• In total Frontex has deployed 474 border guards and experts on Greek islands (27/03/2016, Hellenic Police data). Under the EU–Turkey agreement, about 200 officers have been deployed on the Greek islands and additional personnel is expected in the coming days.
Source: Athens News Agency Macedonian Press Agency (ana-mpa)
a) Coordinating Body for the Refugee Crisis Management
• A Coordinating Body for the Refugee Crisis Management has been established, acting as an inter-ministerial steering group, with the participation of competent Ministers.
• The Executive branch of this inter-ministerial steering group is the National Coordination Center for Border, Migration and Asylum Control (ESKESMA), responsible for gathering information and providing daily records incorporating all the new data for evaluation.
• A Spokesperson has been designated for daily updates and regular media briefings.
b) Ministry of Health Coordinating Body
• The National Health Operations Center (ΕΚΕPΥ) has established a Coordinating Body for the immediate and effective response to needs arising, as well as for planning and epidemiological surveillance, collecting data from informal settlements and refugee reception centers across the country.
• Special consideration for emergency pediatric care.
The government aims at providing reliable information to refugees and migrants regarding their rights and obligations as well as to what is applicable, in order for them not to fall victim to misinformation and exploitation.
Thus, Greek authorities:
• Are distributing informative brochures to refugees/migrants about transportation means and accommodation facilities available within the country, especially after the closure of the Western Balkan route and the EU-Turkey agreement of March 18, 2016.
• Are dispatching interpreters and translators on-site and plan to install PA systems for various announcements.
• Have launched Arabic news bulletins on public TV/Radio broadcasters and an Athens News Agency webpage in Arabic to keep refugees/migrants informed.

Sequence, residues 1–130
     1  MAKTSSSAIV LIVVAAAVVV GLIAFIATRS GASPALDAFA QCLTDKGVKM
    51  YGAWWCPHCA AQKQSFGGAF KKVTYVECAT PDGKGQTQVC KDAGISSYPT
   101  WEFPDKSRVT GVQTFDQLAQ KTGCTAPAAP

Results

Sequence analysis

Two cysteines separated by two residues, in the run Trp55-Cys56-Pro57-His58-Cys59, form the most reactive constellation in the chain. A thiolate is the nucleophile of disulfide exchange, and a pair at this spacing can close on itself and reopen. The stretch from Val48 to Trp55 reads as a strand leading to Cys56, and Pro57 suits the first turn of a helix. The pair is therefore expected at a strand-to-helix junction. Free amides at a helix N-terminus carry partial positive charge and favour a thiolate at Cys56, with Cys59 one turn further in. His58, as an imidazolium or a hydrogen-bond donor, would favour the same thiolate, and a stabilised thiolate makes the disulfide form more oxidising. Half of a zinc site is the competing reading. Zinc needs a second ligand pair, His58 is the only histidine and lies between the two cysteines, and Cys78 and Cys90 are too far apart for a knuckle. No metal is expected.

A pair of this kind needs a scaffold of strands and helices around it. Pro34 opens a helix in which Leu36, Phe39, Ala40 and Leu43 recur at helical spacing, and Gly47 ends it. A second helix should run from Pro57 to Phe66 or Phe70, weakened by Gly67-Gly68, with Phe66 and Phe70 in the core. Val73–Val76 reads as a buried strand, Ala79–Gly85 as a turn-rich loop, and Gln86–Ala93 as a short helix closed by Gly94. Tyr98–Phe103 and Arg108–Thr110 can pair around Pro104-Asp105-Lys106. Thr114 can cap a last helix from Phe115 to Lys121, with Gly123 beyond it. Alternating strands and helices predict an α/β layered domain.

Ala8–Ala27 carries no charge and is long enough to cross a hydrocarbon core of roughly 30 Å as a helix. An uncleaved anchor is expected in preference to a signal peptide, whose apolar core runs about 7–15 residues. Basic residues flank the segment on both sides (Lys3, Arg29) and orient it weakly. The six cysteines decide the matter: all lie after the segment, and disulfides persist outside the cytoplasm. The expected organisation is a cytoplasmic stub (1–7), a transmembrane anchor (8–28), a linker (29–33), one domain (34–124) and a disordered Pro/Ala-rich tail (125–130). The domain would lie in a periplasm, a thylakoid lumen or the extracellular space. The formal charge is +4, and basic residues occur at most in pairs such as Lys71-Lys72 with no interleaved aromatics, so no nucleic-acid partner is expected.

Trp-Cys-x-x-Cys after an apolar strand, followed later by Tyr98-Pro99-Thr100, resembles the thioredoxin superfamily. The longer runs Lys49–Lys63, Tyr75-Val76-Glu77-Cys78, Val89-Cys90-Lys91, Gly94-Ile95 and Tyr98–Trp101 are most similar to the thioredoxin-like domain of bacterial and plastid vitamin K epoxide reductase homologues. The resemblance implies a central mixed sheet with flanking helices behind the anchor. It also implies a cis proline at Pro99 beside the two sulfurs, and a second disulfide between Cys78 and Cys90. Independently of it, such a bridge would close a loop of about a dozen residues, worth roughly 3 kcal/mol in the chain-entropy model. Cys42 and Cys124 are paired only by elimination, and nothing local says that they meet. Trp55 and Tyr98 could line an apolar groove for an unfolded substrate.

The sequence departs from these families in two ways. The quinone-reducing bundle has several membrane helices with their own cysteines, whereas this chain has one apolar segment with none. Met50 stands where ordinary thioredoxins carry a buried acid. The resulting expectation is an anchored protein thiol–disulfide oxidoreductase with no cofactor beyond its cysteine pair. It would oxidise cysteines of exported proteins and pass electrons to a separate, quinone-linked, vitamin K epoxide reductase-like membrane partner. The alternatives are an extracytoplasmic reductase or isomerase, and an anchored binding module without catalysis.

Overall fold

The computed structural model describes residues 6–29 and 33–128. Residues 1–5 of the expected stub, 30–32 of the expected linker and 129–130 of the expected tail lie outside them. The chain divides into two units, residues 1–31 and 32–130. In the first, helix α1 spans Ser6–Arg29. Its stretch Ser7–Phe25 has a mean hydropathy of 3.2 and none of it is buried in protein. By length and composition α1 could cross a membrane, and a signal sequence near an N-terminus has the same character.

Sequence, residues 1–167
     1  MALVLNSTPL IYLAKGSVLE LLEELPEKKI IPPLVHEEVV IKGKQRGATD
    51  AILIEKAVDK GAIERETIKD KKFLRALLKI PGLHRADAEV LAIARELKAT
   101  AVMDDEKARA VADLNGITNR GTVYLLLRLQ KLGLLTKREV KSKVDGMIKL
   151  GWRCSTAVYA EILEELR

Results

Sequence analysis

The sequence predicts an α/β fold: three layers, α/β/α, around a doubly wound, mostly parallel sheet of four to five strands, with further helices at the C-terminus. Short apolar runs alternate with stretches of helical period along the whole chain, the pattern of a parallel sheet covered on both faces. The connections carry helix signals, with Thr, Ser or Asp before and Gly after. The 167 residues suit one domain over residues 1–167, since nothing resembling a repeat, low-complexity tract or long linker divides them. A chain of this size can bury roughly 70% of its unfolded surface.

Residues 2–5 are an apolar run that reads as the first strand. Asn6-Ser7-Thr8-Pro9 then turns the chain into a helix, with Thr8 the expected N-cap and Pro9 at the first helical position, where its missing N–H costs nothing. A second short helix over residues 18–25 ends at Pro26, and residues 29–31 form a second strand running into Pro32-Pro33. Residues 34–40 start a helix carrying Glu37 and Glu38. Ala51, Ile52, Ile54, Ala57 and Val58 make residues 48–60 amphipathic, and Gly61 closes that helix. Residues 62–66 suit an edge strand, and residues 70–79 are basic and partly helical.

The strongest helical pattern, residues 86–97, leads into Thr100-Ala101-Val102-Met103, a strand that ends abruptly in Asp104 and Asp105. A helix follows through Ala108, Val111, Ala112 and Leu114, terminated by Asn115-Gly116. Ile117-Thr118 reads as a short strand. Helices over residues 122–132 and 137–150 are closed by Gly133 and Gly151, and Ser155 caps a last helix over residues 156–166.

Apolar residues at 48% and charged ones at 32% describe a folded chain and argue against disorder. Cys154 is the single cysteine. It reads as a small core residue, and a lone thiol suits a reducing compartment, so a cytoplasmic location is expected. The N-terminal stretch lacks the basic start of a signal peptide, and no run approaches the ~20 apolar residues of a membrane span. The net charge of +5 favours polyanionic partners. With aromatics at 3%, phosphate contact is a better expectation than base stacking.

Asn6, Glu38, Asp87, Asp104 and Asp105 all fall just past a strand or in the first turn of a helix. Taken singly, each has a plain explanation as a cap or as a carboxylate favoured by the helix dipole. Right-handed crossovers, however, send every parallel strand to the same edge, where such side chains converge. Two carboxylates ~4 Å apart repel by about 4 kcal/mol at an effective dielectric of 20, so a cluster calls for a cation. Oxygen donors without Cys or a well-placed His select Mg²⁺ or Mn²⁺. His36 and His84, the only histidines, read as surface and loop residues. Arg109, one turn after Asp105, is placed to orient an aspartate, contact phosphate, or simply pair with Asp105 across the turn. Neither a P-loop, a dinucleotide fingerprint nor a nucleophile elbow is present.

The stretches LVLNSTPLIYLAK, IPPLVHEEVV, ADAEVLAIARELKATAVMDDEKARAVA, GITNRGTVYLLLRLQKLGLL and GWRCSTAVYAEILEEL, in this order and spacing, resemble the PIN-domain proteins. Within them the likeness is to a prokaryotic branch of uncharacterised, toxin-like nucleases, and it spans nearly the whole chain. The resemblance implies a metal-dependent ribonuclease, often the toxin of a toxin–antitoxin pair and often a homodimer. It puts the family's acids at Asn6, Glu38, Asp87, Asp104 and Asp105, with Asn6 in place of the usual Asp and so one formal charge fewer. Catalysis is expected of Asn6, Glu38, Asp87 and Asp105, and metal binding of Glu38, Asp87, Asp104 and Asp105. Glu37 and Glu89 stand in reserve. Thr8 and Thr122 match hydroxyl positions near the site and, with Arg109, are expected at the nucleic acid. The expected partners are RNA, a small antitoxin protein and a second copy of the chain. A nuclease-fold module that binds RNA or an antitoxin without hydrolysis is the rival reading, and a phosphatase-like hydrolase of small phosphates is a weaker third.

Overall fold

• Are establishing wi-fi internet connection infrastructure at all accommodation facilities, with a default access to the Athens News Agency webpage in Arabic so that refugees/migrants have access to direct and continuous flow of information.
What should be done to address the problem
The decision by some countries in the EU and in the so-called “Western Balkans route” to close their borders to all migrants and refugees has been suffocating Greece, which is still receiving large migration flows from the Turkish coast. The closure of borders is not the appropriate way to address the refugee/migration problem, as it has thus far evolved.
Following the EU-Turkey agreement of March 18, 2016, a serious effort has been made to address the problem at a European level, with the cooperation of Turkey. The crisis management framework following the agreement includes:
• Direct assistance to Greece with qualified staff from all EU countries for the examination of asylum applications to be submitted and the return to Turkey of all those not entitled to or not requesting asylum. The agreement foresees the arrival of some 2500 manpower specializing in asylum, returns, interpretation etc.
• Crackdown on illegal trafficking networks from Turkey in order to restrict refugee/migration flows.
• Implementation of the readmission agreement of irregular migrants concluded between the EU and Turkey as well as between Greece and Turkey, the importance of which our country has repeatedly highlighted.
• Fair distribution of refugees among EU member states, either through the implementation of the relocation process from Greece to other EU countries, or through that of resettlement directly from Turkey. These procedures are implemented at an extremely slow pace that does not respond to actual needs, while their fulfillment should not be volun- tary but proportional, according to the population and financial means of every country.
Greece is in favour of cooperation between the EU and all countries involved, so that:
• Agreements concluded are observed and the decisions of the European Council are respected by all parties, while unilateral actions (such as closing borders), which do not constitute a solution, are condemned.
• European assistance (humanitarian, funding, human resources) dealing with the refugee crisis is provided in a timely and effective manner corresponding to emergencies arising from refugee flows.
* Previous Refugee Crisis Fact Sheets: December 2015 (PDF)